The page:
Why Steampunk Is Actually a Neo-Victorian Movement

Mark Zeff combines industrial and farmhouse components in his Black Barn Restaurant in New York. The factory-style light fixtures and Edison bulbs lend the space a steampunk glow. Photo by Michael Mundy

As a design concept, steampunk can feel elusive. Unlike movements such as Arts and Crafts or American Craftsman, which are rooted in specific historical periods, steampunk combines an imagined past with the present and sometimes even the future.

In the late 1980s, writer K. W. Jeter coined the term steampunk to describe his science-fiction stories, which were set in an idealized version of Victorian London. Since that time, steampunk has evolved, emerging as a design style and a subculture. Steampunk places emphasis on the bespoke, the recycled and the handmade, as well as high-quality materials and craftsmanship. Steampunk fans also share an interest in the industrial and in machines, especially steam-powered ones.

Ali Fateh, an accessories designer based in Pakistan, hired Aamina Sheikh, a star of stage and screen, to display handbags from his Steampunk Elegance collection. Photo, makeup and styling by Maram & Aabroo

In the realm of fashion, a steampunk look is typically built on a Victorian (or an Edwardian) silhouette, which means that women tend to wear corsets, but unlike their historical predecessors, they wear them over their frocks. Because of the centrality of Victorian design, also marked by distinctive jewelry such as cameos and clock lockets, steampunk can be considered a neo-Victorian movement. In other words, steampunk combines the Victorian with the new.

Since the mid-1990s, steampunk-styled settings and interiors have become popular is mainstream films such as Sherlock Holmes (2009) with Robert Downey Jr.; Van Helsing (2004), which starred Hugh Jackman; or the Will Smith vehicle Wild Wild West (1999). These movies present a contemporary version of the Victorian past. Steampunk elements, such as dark walls, industrial lighting, brass fittings and Edison bulbs, have also been featured in the designs of numerous restaurants.

Stephen Shadley’s design for this kitchen on New York’s Central Park West is largely constructed of whitewashed Art Deco elements. Still, the sturdy industrial chairs and retractable workshop lamp evokes the neo-Victorian futurism of steampunk. Photo by David Glomb

When talking of steampunk, design professionals often emphasize the style’s industrial elements. Interior designer Stephen Shadley particularly likes steampunk’s inclusion of factory-style light fixtures. “The elegant simplicity those fixtures, a white or clear glass shade on a brass base, the bakelite switch. They’re beautiful and functional,” he says. “Here, form follows function almost completely.”

The owners of this Brooklyn Heights townhouse asked for a steampunk decor, but designer Nick Olsen took a more nuanced approach, mixing Victorian, Moroccan and other styles. Steampunk pieces here include a brass footman’s coffee table, ca. 1900, from John J. Gredler Works of Art, and a wall clock with industrial brass and copper fittings. Photo by Reid Rolls for Domaine Home

One of the appeals of steampunk lies in its oppositions: domestic versus industrial, refined and polished versus coarse and gritty, Victorian versus new, fantasy versus reality. Because it is up to the individual designer to develop the right steamy mix, you will find a large range of steampunk looks. You will also find some argument as to whether a look is steampunk or not.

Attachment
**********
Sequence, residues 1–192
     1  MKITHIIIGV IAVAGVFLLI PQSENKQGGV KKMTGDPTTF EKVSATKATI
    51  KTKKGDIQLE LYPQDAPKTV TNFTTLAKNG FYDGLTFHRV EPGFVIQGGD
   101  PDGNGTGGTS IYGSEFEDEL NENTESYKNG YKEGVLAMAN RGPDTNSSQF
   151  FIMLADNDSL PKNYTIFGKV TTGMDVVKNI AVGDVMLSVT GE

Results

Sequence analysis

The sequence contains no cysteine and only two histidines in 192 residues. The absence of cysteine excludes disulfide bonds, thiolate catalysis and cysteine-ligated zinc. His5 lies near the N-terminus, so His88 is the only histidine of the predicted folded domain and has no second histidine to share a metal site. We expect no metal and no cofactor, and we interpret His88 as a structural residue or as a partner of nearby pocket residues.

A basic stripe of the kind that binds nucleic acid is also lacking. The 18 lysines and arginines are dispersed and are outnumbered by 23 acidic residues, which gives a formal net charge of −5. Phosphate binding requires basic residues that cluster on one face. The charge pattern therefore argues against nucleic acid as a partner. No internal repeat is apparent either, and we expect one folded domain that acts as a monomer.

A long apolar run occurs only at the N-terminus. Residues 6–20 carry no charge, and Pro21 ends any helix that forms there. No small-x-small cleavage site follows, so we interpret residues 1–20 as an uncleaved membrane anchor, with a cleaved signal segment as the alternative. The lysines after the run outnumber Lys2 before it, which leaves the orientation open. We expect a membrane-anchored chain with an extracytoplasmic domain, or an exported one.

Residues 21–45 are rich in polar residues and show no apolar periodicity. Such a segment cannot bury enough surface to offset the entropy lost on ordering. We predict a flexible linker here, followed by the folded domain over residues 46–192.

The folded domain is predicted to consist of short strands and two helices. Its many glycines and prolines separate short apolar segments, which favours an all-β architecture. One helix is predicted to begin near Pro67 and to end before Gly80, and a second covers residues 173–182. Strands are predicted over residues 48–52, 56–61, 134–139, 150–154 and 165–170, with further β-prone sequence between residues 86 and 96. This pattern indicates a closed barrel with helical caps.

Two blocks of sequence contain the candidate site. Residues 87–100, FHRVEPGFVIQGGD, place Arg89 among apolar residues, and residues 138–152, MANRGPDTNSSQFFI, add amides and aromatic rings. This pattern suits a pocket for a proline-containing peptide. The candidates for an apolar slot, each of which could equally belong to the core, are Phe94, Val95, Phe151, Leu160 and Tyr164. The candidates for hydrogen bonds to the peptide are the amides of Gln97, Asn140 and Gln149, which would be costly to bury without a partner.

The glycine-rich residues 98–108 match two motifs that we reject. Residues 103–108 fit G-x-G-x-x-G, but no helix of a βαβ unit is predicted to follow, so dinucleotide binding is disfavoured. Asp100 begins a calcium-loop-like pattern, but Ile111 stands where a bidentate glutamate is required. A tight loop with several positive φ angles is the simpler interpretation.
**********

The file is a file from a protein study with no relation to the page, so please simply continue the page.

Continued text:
A steampunk interior can appear much like the Victorian drawing room in your imagination — stately, restrained, proper — while at the same time containing contemporary comforts and conveniences. Another steampunk-style room can look more theatrical, much like the lair of a mad scientist. And, of course, objects with high steampunk quotient, such as brass light fixtures or Victorian scientific instruments, can add charm and interest to almost any set up.

Vintage leather armchairs, a Victorian fireplace mantel and a 19th-century portrait ground this New York townhouse library in the past, while contemporary window treatments and desk accessories keep it looking to the future. Designer Sheila Bridges’s mixture of old and new lends the space a steampunk sensibility. Photo by Dana Meilijson

Steampunk, by combining antique and contemporary and repurposing industrial items, offers a fresh way to enjoy Victorian style. Perhaps this movement, which highlights craftsmanship and the reuse of objects and materials, also encapsulates something else that speaks to the present day — that what we do matters, that sourcing responsibly and buying carefully make a difference and that, ultimately, there is hope for the future.

Katherine Gleason, a longtime admirer of neo-Victorian styles, is the author of Anatomy of Steampunk: The Fashion of Victorian Futurism (Race Point Publishing).

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Why Steampunk Is Actually a Neo-Victorian Movement

Seattle artist Matthew Culbert crafts his steampunk chandeliers from found objects, wire, barn metal, vintage light fixtures, clock parts and a good pinch of fantasy. The design team at Dos Gallos in Los Angeles are drawn to steampunk because of “the use of discarded materials, which are reborn, the mix of old and new and the fact that something originally oily and greasy can turn into something you’d want in your living room.”

This late 19th century luggage cart is imbued with a sense of time travel and the romance of a steam-driven voyage. Casey Hale of Urban Country, a dealer based in Santa Monica and Palm Springs, says of steampunk, “I see it as a collision between science fiction, history, technology and the Industrial Revolution.”

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